To demonstrate this, add a new Windows form named MyApplicationFeature.vb to our MyFeature project and add a command button and a list box to the form. In the Click event of the command button, add the code shown below.

Private Sub btnGetApplication_Click(ByVal sender As System.Object, _
    ByVal e As System.EventArgs) Handles btnGetApplication.Click
    lstInfo.Items.Add("Assembly Name : " & My.Application.Info.AssemblyName )
    lstInfo.Items.Add("Directory Path : " & _
        My.Application.Info.DirectoryPath)
    lstInfo.Items.Add("Culture : " & My.Application.Culture.ToString())
    lstInfo.Items.Add ("Main Form : " & My.Application.MainForm.Name)
End Sub

In the above lines of code, you are displaying information such as assembly name, directory path, culture, and the form name and so on through the My.Application classes. Running the form will produce the output shown below.

Use of My.Computer

The My.Computer object provides properties for manipulating computer components, such as audio, the clock, the keyboard, the file system, and so on. Note that the properties exposed by the My.Computer object return information about the computer where the application is deployed, as determined at run time. Typically, these data differ from what was available on the development computer. Also it is important to note that some members such as the My.Computer.Audio object are only available for non-server applications.

For the purposes of this example, add a new Windows form named MyComputerFeature.vb to our MyFeature project. Once the form is added, add a command button and a list box control to the form. Modify the click event of the command button to look as shown below:

Private Sub btnGetComputer_Click(ByVal sender As System.Object, _
    ByVal e As System.EventArgs) Handles btnGetComputer.Click
    lstInfo.Items.Add("Computer Name : " & My.Computer.Name)
    lstInfo.Items.Add("Is Network Available : " & _
        My.Computer.Network.IsAvailable)
    lstInfo.Items.Add("Available Physcical Memory : " & _
         My.Computer.Info.AvailablePhysicalMemory)
    lstInfo.Items.Add("Available Virtual Memory : " & _
        My.Computer.Info.AvailableVirtualMemory)
    lstInfo.Items.Add("OS Full Name : " & My.Computer.Info.OSFullName)
    lstInfo.Items.Add("Device Name : " & My.Computer.Screen.DeviceName)
End Sub

As similar to our previous example, this example also retrieves various information about the computer such as name, available physical memory, available virtual memory and so on using the My.Computer classes and displays them in the list box.

The above screenshot shows the output produced by the form. In addition to displaying the computer information, you can also use the My.Computer.Network object to ping a specific computer in the network. To accomplish this, you utilize the Ping method as shown below.

MessageBox.Show(My.Computer.Network.Ping("thiru-server3").ToString())

The Ping method returns true or false depending on if the remote server is available or not.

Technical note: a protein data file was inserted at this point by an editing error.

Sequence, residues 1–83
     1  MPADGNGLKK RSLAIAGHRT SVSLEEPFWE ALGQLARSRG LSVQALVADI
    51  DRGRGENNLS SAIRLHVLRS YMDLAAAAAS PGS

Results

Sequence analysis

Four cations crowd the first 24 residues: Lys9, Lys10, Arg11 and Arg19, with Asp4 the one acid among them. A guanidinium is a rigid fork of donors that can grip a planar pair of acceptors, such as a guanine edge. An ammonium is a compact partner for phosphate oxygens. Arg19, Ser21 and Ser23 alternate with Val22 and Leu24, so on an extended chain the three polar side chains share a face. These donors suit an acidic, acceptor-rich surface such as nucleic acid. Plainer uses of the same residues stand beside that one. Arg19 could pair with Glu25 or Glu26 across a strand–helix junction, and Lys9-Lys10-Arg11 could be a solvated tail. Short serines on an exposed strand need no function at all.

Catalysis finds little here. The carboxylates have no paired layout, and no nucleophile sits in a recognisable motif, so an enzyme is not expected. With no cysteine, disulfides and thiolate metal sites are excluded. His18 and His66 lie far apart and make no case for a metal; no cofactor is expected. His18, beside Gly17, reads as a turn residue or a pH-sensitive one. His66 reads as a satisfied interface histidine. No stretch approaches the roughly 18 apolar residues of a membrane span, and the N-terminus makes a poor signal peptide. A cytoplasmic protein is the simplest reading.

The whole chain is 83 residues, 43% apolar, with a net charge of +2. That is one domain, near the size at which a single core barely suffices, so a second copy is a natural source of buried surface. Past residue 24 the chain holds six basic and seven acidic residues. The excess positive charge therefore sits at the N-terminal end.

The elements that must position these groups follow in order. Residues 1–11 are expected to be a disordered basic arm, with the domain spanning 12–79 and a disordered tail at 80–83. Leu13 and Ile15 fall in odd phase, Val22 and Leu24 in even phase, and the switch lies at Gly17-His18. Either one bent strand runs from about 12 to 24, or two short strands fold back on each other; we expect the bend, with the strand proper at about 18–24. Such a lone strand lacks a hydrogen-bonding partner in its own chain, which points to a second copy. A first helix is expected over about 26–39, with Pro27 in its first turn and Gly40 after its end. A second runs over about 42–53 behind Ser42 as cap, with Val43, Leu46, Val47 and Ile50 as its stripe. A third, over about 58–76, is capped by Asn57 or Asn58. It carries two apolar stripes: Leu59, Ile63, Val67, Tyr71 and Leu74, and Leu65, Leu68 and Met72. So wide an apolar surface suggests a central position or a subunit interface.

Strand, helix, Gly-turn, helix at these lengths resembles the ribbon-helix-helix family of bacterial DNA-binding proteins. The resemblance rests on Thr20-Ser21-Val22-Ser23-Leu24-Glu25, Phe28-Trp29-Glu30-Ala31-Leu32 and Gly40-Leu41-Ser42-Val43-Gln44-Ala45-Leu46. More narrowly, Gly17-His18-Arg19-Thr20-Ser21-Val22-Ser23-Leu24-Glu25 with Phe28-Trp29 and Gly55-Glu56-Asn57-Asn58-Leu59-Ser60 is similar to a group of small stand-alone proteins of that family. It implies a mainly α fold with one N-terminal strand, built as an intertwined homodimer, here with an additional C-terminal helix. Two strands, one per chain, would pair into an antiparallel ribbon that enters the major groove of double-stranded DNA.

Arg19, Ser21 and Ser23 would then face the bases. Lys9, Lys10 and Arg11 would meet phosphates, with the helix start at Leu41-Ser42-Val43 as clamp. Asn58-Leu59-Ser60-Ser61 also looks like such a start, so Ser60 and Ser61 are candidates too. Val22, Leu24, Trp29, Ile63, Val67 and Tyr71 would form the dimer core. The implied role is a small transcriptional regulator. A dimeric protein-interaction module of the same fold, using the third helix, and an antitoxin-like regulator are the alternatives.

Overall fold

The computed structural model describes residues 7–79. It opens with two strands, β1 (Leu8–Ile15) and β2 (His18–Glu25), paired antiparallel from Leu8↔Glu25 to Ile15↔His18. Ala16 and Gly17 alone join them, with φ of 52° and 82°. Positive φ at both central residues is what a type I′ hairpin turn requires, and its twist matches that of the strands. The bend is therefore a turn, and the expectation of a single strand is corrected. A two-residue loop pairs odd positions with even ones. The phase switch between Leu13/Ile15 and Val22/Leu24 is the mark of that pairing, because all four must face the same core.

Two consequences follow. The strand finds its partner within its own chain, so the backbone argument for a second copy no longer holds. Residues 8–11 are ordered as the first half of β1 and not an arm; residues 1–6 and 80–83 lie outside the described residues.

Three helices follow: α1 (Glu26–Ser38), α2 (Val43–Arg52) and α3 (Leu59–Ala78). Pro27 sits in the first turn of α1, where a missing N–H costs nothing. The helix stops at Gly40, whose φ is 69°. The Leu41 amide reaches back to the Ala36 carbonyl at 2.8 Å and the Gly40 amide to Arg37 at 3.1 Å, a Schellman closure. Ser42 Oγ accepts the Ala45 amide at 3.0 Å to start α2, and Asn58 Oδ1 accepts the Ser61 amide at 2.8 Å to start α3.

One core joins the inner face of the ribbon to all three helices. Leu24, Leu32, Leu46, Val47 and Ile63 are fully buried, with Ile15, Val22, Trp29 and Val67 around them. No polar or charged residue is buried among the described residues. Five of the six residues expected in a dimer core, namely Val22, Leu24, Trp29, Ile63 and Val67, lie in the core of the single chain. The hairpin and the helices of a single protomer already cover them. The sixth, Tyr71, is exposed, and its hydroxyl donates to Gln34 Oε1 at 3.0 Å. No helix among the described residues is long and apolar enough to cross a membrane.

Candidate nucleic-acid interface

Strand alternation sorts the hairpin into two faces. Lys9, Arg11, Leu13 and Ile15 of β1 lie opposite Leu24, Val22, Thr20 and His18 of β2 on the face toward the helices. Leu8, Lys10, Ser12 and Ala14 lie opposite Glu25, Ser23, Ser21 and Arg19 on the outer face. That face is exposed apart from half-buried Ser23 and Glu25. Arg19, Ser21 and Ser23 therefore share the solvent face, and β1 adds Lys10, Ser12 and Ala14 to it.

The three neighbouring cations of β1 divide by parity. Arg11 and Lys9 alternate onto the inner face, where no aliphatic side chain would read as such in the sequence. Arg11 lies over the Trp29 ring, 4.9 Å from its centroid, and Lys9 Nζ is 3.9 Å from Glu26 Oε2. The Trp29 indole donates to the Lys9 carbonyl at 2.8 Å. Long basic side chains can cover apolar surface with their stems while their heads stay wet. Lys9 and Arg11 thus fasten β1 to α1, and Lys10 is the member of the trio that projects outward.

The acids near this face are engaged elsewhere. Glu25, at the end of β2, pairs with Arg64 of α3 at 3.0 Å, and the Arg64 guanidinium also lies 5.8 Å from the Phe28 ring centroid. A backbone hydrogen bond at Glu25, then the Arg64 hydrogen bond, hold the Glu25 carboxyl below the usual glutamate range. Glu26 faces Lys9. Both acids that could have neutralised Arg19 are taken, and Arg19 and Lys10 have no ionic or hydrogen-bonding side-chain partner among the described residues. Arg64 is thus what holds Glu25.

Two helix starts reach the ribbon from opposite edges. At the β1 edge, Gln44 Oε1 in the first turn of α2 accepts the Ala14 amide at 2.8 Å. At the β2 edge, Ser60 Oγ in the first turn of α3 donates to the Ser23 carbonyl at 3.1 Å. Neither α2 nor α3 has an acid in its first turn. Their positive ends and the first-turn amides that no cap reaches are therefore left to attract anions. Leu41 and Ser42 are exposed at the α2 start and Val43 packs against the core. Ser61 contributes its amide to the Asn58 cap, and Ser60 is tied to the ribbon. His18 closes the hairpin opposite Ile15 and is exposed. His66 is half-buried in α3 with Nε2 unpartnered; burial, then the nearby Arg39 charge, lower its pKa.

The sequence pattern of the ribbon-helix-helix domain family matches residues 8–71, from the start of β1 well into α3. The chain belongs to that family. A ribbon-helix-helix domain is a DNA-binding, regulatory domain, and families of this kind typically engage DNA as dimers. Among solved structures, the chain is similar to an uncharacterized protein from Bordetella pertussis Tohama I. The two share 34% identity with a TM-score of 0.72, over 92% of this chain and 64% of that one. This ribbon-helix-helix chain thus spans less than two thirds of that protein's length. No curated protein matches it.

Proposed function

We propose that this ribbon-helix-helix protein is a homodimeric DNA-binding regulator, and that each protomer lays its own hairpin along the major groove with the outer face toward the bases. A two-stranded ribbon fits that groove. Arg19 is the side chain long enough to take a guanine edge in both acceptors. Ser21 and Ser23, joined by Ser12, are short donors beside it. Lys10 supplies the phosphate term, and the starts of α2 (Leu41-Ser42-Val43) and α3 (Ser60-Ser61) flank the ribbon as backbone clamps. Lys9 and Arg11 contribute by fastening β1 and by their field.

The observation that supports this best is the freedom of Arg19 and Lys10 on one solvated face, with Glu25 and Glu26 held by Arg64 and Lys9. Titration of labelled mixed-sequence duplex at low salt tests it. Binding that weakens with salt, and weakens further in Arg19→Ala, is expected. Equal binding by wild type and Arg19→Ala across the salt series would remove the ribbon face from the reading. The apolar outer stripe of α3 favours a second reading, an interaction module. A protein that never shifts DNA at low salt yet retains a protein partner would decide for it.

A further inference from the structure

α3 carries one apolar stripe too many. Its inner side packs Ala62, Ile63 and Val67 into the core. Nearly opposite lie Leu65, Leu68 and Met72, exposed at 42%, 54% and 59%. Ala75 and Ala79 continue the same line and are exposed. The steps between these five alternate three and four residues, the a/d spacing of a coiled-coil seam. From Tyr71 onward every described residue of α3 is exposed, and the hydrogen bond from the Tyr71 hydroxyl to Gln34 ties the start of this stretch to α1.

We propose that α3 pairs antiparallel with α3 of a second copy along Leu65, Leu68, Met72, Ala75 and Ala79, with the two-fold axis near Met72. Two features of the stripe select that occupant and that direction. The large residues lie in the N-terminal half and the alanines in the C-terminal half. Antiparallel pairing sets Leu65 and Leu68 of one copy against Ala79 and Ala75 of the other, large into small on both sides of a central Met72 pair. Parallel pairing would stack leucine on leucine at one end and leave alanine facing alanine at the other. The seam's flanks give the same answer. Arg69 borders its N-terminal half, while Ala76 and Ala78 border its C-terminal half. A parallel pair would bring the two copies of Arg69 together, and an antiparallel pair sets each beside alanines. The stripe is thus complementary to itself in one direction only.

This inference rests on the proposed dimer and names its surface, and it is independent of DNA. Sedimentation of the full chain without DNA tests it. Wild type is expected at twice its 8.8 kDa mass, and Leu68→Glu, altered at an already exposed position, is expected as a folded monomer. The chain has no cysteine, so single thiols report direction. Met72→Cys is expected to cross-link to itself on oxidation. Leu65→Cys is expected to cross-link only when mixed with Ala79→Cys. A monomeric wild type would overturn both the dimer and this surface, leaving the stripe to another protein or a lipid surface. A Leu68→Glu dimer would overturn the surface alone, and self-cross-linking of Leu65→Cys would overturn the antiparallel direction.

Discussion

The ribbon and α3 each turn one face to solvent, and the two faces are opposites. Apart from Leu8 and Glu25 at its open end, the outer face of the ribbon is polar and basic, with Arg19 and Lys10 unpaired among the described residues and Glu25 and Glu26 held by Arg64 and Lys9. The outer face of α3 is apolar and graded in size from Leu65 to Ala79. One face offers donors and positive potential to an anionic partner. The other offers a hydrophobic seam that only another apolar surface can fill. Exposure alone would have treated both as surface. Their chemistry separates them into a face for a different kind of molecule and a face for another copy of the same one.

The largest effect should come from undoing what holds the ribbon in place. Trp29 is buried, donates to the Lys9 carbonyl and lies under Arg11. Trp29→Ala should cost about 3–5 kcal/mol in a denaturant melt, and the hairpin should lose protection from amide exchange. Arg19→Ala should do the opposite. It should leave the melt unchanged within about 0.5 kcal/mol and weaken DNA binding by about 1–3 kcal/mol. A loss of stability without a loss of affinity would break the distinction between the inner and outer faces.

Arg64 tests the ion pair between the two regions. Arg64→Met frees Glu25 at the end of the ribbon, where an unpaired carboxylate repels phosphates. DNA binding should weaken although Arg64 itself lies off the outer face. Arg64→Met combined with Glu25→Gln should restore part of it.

Use of My feature in a Web Page

In addition to leveraging some of the above-mentioned My features, the most frequent use of My feature in a Web page involves the use of My feature to access the Response and Request objects in a Web page. To demonstrate this, let us create an ASP.NET Web Site named MyFeature using Visual Basic 2005 as the language in Visual Studio 2005. Once the Web site is created, create a new Web page MyExample.aspx. Modify the code in the Web page to look as shown below.

<%@ Page Language="VB" %>
<script runat="server">
    Sub Page_Load(ByVal sender As Object, ByVal e As EventArgs)
        My.Response.Write("Is user authenticated : " & _
            My.User.IsAuthenticated().ToString() + "<br>")
        My.Response.Write("Current Logged on User Name : " & _
             My.User.Name + "<br>")
    End Sub
</script>

<html xmlns="http://www.w3.org/1999/xhtml " >
<head runat="server">
    <title>Use of My Feature</title>
</head>
<body>
    <form id="form1" runat="server">
    <div>
    </div>
    </form>
</body>
</html>

The above code is very simple and straightforward. In the Page_Load event, you utilize the My.Response object to write to the browser the details of the currently logged on user. Also the information about the logged on user is retrieved from the My.User object.

If you enable Integrated Windows Authentication on the MyFeature Web site using IIS Manager, here is the output you will get upon requesting the page through the browser.

As demonstrated by the above example, the My feature can also be very handy in developing ASP.NET Web forms with Visual Basic 2005.

Is My Feature available for C# Programmers?

If you are a C# programmer, you might be wondering if you can take advantage of the My feature from C#. The answer to that question depends on the kind of features you want to use from C#. Because most of the functionality contained in My is implemented by types defined in the Microsoft.VisualBasic.dll assembly (which is referenced by default in all of the VB projects). As with any other .NET assembly, you can also reference the Microsoft.VisualBasic.dll assembly from your C# application and start using it. However, the top level glue that brings all the My pieces together is something that's compiler-specific and available only for the VB compiler. Because of this, the C# users won't see this and as a result only some of the My features are available to the C# programmers.